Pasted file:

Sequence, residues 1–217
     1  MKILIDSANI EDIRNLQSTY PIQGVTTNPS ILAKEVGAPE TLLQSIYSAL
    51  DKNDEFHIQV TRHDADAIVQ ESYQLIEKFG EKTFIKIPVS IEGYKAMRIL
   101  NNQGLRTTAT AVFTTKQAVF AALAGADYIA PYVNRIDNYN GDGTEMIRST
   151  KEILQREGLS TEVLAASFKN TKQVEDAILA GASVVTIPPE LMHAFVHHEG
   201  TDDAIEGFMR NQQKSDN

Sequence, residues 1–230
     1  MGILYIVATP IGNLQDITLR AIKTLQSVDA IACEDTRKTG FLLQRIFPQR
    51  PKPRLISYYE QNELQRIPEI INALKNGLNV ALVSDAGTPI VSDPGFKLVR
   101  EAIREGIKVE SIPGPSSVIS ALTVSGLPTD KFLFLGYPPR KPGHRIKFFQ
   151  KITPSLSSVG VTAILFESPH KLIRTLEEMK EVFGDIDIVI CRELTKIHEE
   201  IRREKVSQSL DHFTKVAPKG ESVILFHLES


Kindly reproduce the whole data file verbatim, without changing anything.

Sequence, residues 1–217
     1  MKILIDSANI EDIRNLQSTY PIQGVTTNPS ILAKEVGAPE TLLQSIYSAL
    51  DKNDEFHIQV TRHDADAIVQ ESYQLIEKFG EKTFIKIPVS IEGYKAMRIL
   101  NNQGLRTTAT AVFTTKQAVF AALAGADYIA PYVNRIDNYN GDGTEMIRST
   151  KEILQREGLS TEVLAASFKN TKQVEDAILA GASVVTIPPE LMHAFVHHEG
   201  TDDAIEGFMR NQQKSDN

Sequence, residues 1–230
     1  MGILYIVATP IGNLQDITLR AIKTLQSVDA IACEDTRKTG FLLQRIFPQR
    51  PKPRLISYYE QNELQRIPEI INALKNGLNV ALVSDAGTPI VSDPGFKLVR
   101  EAIREGIKVE SIPGPSSVIS ALTVSGLPTD KFLFLGYPPR KPGHRIKFFQ
   151  KITPSLSSVG VTAILFESPH KLIRTLEEMK EVFGDIDIVI CRELTKIHEE
   201  IRREKVSQSL DHFTKVAPKG ESVILFHLES